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This Week in Princeton History for January 10-16

In this week’s installment of our recurring series, a sophomore travels to Washington to call his family in Togo, bicycles are banned on town streets, and more.

January 10, 1912—In response to an article by William Bayard Hale in The World’s Work that claimed to reveal the “inside story” of Princeton, the Princeton Alumni Weekly writes, “We are not informed whether Mr. Hale has ever visited Princeton, but we guess he must have been a passenger in the aeroplane that hovered over the Harvard-Princeton football game, and that he got his ‘inside story’ of our ancient university steeped in sumptuous luxury from a distant view of Nassau Hall and the Holder Tower.”

January 12, 2006—Chanakya Sethi ’07 appears on C-SPAN’s Washington Journal to explain why some people are troubled by Samuel Alito’s prior affiliation with the Concerned Alumni of Princeton.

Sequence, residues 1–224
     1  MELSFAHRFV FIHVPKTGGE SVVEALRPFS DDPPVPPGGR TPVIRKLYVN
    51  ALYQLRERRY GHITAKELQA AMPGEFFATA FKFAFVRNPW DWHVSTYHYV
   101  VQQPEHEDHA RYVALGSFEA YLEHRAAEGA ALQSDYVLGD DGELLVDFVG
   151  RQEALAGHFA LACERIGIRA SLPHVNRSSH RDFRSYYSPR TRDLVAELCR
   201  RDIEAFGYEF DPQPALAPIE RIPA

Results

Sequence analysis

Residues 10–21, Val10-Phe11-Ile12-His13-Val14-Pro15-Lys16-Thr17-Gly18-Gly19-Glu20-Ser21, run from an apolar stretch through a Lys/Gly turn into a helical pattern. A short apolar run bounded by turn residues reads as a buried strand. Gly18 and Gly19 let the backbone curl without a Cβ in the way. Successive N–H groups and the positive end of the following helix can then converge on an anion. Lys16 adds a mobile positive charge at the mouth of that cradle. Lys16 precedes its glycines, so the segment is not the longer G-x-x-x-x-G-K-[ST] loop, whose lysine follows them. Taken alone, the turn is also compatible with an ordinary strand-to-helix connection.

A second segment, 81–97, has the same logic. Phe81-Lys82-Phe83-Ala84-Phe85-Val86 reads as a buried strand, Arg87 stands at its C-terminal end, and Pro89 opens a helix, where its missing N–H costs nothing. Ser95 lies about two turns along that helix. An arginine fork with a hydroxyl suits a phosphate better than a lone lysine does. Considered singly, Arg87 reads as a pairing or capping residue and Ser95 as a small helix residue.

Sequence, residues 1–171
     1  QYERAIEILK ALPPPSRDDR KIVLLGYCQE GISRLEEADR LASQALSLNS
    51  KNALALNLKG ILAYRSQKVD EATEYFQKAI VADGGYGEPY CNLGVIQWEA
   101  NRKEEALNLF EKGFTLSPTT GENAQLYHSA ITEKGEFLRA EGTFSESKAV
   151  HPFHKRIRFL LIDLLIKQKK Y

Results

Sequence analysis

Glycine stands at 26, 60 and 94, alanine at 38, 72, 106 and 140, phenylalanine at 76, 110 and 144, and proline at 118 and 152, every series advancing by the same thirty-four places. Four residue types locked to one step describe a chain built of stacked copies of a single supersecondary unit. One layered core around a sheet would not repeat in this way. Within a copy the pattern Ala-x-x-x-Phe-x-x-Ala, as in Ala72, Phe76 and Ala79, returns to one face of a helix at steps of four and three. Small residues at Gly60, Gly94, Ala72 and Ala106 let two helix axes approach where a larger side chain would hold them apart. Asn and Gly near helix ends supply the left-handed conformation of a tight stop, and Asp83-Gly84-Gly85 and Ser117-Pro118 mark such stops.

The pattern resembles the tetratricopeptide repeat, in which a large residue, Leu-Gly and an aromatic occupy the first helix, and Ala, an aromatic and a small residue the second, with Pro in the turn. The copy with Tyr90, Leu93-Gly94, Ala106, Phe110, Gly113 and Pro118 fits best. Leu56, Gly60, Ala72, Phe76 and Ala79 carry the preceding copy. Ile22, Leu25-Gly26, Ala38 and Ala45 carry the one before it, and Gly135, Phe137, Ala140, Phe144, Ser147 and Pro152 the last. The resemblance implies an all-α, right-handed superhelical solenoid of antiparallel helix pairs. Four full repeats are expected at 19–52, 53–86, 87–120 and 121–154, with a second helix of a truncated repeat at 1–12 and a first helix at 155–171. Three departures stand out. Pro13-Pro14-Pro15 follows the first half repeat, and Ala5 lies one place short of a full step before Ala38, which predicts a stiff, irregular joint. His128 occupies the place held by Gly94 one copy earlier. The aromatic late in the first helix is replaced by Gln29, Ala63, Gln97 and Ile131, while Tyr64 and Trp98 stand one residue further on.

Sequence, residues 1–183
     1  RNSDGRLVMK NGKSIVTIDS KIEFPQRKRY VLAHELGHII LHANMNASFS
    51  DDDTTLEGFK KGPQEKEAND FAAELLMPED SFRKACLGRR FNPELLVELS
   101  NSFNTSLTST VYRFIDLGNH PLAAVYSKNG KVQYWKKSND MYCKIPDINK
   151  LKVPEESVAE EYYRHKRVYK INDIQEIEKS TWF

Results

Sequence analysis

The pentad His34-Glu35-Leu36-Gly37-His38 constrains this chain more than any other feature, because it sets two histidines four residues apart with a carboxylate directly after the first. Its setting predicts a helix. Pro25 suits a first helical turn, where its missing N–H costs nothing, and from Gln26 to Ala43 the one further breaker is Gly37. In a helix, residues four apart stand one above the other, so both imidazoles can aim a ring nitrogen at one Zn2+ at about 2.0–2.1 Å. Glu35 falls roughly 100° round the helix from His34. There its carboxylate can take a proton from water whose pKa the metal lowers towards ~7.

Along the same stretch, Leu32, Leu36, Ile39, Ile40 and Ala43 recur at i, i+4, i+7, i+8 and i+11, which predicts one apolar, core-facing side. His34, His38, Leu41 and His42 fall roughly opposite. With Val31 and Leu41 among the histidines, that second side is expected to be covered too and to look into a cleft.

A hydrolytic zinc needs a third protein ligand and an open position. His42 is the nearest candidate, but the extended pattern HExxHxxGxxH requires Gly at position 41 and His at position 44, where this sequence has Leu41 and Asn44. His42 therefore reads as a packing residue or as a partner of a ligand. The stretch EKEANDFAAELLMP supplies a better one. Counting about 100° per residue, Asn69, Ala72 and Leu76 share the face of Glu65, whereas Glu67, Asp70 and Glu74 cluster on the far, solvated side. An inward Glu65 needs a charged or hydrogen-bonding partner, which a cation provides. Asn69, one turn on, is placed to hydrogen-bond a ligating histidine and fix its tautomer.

Cover of the Concerned Alumni of Princeton’s Prospect magazine, Summer 1981. Princeton University Publications Collection (AC364), Box 16.

January 13, 1963—Having received word that his father, Sylvanus Épiphanio Olympio, has been assassinated in the Togolese coup d’état, Elpido Fernando Olympio ’65 leaves Princeton for Togo’s embassy in Washington, in order to contact his family. Upon discussing the situation with his mother, he chooses to remain in Princeton for his final exams.

Elpido Olympio ’65 portrait for the 1965 Nassau Herald (scan from original photograph). Undergraduate Alumni Records (AC199).

January 16, 1880—A newly-passed local ordinance prohibits the riding of bicycles in Princeton’s streets.

Bicycles on Prospect Street in Princeton, New Jersey, 1896. Drawing printed in James W. Alexander’s Princeton, Old and New: Reflections of Undergraduate Life (1899).

For the previous installment in this series, click here.

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